Are you experiencing electrical problems? Would you like to learn how you can inspect your electrical panel to identify common problems as well as how you can correct them? If so, then this video is for you. I also explain how GFCI’s/Surge Arresters work, and show you useful test equipment.

    DISCLAIMER: If you’re not comfortable working with 120V/240VAC electrical wiring, or unaware of the dangers of working with 120V/240V wiring, then DO NOT attempt to work on your unit! Safety first! AC Mains Power has the potential to KILL or injure you.

    Reply
  12. Tomi Engdahl says:

    electrical wiring-overloaded feeders
    https://www.youtube.com/watch?v=ryF6QM7zOsE

    Service call about main fuses blown.The main feeder had been taped with everything a person could find to keep the phase from shorting out

    Reply
  13. Tomi Engdahl says:

    Electrical Panel Nightmare! (or not)
    https://www.youtube.com/watch?v=-buqEbNRhIQ

    In this video HHinspect owner Rick Belliveau shows you the GUTS of an electrical panel box and explains the secrets of healthy wiring job. You might want to stand back…. a little more…

    Sub Electric Panel Box Wired Incorrectly, Home Inspection in Austin, Texas
    https://www.youtube.com/watch?v=yUI0ejCcRZQ

    Inspection of a residential sub electric panel box during a home inspection in Austin, Texas

    Reply
  14. Tomi Engdahl says:

    how to repair replace broken circuit breaker – multiple Electric outlet not working – fuse box panel
    https://www.youtube.com/watch?v=1NCWJ3-xNUk

    How To Change A Breaker Simple
    https://www.youtube.com/watch?v=HMJZ_nZgFXI

    Reply
  15. Tomi Engdahl says:

    Air Circuit Breaker (ACB) – Construction, Operation, Types and Uses
    https://www.electricaltechnology.org/2014/11/air-circuit-breaker-operation-types-uses.html

    A circuit breaker is used for switching mechanism and protection of the system. Other associated devises and components are also used for this purpose associated with circuit breakers like fuses, relays, switches etc. Circuit breakers are widely used in industries as well as power system for controlling and protection of different parts of the circuit like switch gears, Transformers, Motors, Generators/Alternator etc., which leads the system stable and reliable.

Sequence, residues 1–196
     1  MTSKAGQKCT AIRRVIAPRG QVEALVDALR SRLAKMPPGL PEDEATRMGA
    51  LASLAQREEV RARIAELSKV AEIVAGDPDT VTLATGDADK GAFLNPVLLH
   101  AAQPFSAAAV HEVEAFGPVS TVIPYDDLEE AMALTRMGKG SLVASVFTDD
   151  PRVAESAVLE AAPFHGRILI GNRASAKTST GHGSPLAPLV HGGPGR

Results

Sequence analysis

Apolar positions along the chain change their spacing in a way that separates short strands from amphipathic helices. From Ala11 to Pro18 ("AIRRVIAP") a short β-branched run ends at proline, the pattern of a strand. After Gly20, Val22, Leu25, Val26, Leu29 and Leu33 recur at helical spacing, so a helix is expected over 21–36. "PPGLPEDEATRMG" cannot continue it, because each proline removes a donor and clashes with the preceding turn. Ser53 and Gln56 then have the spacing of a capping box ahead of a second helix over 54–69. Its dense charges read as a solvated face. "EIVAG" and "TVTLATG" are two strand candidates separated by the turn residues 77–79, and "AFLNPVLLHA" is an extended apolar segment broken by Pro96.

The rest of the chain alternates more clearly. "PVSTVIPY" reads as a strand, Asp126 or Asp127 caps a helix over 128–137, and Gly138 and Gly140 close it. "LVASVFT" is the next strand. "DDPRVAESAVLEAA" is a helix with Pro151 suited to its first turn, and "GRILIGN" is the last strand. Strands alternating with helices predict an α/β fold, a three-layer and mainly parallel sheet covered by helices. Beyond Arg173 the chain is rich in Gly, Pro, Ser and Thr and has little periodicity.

Reply
  16. Tomi Engdahl says:

    A look inside a British home electrical panel.
    https://www.youtube.com/watch?v=2R3L_nvNP6Y

    Note that in this video the panel is new and has no external circuits connected yet. When wired in and active there is a lot of exposed live metalwork that poses a shock risk. Changing a consumer unit is not a simple DIY task due to the presence of a high current supply that poses a shock and burn hazard if touched or bridged.

    In the UK we have a really simple electrical system. Just a three phase system with 240V between each phase and neutral and 415V between any two phases. (230V/400V under European tolerance standards.)

    A typical home will get a single phase and neutral with the three phases spread amongst homes in a street, while a factory or commercial premises will usually get all three phases.

    Reply
  17. Tomi Engdahl says:

    Typical Australian Domestic Switch board
    https://www.youtube.com/watch?v=ieIVhHgsF1A

    Just a view of the inside & backing board of a domestic Switch Board here in Sydney Australia.

    Inspection of the Switchboard is NOT part of a Pre Purchase Building Inspection as per our Australian Standard.

    Reply
  18. Tomi Engdahl says:

    How to Replace / Change a Circuit Breaker in your Electrical Panel
    https://www.youtube.com/watch?v=jKAPpxK5T2E

    How to Change a Breaker
    https://www.youtube.com/watch?v=MRmPymLyEMk

    Reply